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Critical Race Theory

The Critical Divide: Is Critical Race Theory Even Taught in Public Schools?

Lately, it seems the phrase Critical Race Theory (“CRT”) has been stirring the pot among people on both sides of the political aisle. Both liberal and conservative media outlets are debating whether this topic should be taught in grades K-12. School board, parents, educators have expressed mixed concerns as to why CRT must be banned from (or remain in) their curriculum. In fact, the heated discussion led the Texas Legislature to draft House Bill 3979 addressing CRT and prescribing limitations on its presence in Texas classrooms. Texas is now one of three states with a law limiting the teaching of critical race theory in K-12 public school classrooms. Before diving into the crux of the issues and concerns being raised by both advocates and opponents of HB 3979, we must first address what Critical Race Theory is.

There is no denying Critical Race Theory is a popular and polarizing subject. The hot-button issue has appeared in U.S. news outlets and newspapers over 5,000 times in the last six months.1 However, as frequently as this topic has been mentioned in the news, CRT has also proven to be a confusing subject to comprehend. Especially, considering the contradicting definitions and interpretations people have assigned to CRT. 

What is Critical Race Theory (CRT)?

Originating in the 1970’s, CRT is an intellectual framework or practice for legal analysis designed as an analytical tool to help law students think critically about how racism has shaped our public and legal system throughout history.2 (Early adopters of Critical Race Theory encouraged law students, and later college students in some universities, to objectively analyze the role of race and racism in our society throughout history and why racist events often tend to repeat themselves. In other words, a premise of Critical Race Theory is the acknowledgment that racism is not an ancient dark period of our culture learned about in history books, but rather is socially constructed. Proponents of Critical Race Theory argue that the social construct rooted in our legal and social systems is destined to impose certain racial inequities, such as institutionalized racism and white privilege. For example, take housing segregation where laws and public policy have created barriers or obstacles prohibiting people of color to succeed in their communities because the opportunities are simply not there. Not too long ago, banking institutions would draw boundaries around, directing their employees not to loan money to people in geographical areas that were predominantly black. Accordingly, CRT studies how racial inequality is embedded in the framework of our society, and occurrences of racism are not isolated instances executed by people at random.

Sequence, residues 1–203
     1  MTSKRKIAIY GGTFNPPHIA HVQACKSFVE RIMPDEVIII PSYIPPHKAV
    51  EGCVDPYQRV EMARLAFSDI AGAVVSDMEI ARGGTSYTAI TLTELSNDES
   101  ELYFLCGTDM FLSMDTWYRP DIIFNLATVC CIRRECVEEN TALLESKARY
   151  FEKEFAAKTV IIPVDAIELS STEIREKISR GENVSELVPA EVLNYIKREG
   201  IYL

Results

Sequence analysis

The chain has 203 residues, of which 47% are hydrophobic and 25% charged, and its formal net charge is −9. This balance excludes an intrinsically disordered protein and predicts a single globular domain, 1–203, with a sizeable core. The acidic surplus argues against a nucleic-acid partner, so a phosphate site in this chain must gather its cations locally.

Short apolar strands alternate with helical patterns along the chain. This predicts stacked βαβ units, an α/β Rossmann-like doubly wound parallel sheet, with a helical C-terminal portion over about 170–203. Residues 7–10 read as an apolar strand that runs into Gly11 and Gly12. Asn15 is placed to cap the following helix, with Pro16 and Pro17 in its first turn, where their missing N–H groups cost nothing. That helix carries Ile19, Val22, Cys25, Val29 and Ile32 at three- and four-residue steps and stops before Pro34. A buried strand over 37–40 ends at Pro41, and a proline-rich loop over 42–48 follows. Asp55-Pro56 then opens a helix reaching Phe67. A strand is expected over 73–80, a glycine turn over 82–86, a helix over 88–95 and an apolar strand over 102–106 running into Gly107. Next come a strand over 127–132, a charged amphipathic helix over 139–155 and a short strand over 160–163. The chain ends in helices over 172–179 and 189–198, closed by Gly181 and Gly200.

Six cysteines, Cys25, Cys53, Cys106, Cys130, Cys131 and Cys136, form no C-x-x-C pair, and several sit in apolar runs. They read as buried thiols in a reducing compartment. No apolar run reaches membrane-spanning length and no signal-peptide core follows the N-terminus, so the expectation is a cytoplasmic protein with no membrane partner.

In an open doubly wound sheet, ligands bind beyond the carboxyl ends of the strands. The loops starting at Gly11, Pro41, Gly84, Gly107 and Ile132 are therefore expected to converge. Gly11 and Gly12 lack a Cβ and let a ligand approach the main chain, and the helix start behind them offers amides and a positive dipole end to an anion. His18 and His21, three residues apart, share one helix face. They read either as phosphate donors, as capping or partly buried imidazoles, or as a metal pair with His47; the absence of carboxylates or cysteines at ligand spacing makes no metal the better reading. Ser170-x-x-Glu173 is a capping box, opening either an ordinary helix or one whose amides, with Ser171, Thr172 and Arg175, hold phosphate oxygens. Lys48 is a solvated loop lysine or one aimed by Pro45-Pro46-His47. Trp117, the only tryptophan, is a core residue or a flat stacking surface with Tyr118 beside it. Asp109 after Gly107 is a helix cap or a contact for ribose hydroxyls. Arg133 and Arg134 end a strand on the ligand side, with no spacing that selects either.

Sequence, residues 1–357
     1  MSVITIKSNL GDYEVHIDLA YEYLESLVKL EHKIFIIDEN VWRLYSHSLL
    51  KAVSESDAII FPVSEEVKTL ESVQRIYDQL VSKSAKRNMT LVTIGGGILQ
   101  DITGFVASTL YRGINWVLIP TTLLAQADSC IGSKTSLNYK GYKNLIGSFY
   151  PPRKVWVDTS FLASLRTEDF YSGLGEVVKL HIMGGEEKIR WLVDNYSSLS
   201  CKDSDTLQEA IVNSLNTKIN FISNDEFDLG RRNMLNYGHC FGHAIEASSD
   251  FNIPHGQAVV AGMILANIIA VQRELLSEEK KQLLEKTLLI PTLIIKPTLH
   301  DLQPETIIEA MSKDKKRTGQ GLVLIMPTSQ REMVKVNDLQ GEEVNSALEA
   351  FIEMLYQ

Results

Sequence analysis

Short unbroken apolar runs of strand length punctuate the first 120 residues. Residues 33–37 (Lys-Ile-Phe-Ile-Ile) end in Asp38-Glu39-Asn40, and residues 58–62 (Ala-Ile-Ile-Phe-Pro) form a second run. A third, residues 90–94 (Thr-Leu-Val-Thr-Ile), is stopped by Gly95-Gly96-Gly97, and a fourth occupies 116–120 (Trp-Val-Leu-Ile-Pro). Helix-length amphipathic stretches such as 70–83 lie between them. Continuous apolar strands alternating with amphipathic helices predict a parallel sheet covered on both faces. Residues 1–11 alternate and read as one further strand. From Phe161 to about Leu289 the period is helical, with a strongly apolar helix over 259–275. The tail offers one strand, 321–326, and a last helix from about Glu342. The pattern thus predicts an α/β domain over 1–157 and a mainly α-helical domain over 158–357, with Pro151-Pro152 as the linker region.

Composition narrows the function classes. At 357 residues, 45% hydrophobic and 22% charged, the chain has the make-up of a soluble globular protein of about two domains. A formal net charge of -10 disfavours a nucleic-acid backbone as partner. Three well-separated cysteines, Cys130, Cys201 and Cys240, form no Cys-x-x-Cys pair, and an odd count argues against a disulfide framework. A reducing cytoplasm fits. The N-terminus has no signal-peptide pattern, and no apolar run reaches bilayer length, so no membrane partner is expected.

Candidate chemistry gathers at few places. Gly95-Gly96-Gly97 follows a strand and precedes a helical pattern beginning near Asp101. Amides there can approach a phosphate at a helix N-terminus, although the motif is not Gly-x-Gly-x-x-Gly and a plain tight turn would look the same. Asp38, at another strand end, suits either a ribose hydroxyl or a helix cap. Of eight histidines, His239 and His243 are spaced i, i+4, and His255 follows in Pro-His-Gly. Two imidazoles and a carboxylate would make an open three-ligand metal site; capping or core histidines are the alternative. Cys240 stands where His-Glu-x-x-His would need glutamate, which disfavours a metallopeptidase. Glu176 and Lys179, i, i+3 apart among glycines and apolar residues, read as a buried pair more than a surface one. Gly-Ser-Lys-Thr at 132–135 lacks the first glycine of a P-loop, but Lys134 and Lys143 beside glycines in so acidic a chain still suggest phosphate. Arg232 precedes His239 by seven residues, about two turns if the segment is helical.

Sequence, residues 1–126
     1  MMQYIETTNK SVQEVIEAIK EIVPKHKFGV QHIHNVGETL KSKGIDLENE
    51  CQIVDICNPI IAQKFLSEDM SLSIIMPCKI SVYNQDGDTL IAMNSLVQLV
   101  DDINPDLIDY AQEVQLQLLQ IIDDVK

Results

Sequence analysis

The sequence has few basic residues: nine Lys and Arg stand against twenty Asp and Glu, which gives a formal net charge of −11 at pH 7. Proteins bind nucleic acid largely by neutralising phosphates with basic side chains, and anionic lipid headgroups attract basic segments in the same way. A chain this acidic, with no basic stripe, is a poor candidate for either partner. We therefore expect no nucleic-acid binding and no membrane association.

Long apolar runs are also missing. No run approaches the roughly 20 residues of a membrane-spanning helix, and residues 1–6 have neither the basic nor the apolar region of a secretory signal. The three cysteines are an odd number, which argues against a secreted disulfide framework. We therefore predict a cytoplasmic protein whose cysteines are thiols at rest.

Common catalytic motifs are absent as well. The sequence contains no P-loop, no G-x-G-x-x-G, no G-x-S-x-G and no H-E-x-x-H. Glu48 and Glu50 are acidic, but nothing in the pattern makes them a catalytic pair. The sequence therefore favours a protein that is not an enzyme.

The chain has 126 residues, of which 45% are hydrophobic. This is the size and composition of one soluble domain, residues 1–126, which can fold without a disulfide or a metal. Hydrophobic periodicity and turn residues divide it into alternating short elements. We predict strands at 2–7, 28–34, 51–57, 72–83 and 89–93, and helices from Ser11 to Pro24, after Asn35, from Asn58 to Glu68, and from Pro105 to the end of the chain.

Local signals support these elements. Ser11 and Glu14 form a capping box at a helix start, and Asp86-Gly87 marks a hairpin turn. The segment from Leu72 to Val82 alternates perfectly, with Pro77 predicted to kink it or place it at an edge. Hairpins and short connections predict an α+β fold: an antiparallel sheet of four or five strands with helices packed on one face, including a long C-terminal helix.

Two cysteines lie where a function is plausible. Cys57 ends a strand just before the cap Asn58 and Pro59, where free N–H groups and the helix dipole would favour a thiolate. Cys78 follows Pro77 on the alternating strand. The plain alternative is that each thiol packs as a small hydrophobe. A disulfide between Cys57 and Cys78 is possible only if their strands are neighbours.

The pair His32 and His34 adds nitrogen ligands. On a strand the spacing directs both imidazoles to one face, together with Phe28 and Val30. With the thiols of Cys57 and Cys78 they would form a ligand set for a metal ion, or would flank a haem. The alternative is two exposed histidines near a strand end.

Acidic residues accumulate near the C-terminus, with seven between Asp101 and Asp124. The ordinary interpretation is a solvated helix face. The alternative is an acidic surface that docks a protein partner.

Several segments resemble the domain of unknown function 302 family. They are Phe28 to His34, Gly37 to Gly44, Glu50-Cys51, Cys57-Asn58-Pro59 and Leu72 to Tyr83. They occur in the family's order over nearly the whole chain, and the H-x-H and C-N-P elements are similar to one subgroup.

If CRT is a concept established in the seventies, why has it become so politicized over the last year? Apparently, former President Donald Trump ignited the conversation during a speech where he alluded that education taking a “critical lens” approach to teaching American racism, and white privilege was “radical” and unpatriotic. Trump doubled down on this stance by subsequently issuing an executive order forbidding a government contractor from conducting diversity training in the workplace.3 Cue parents and school boards voicing their concerns regarding what, in fact, is being taught in history classes at K-12 schools.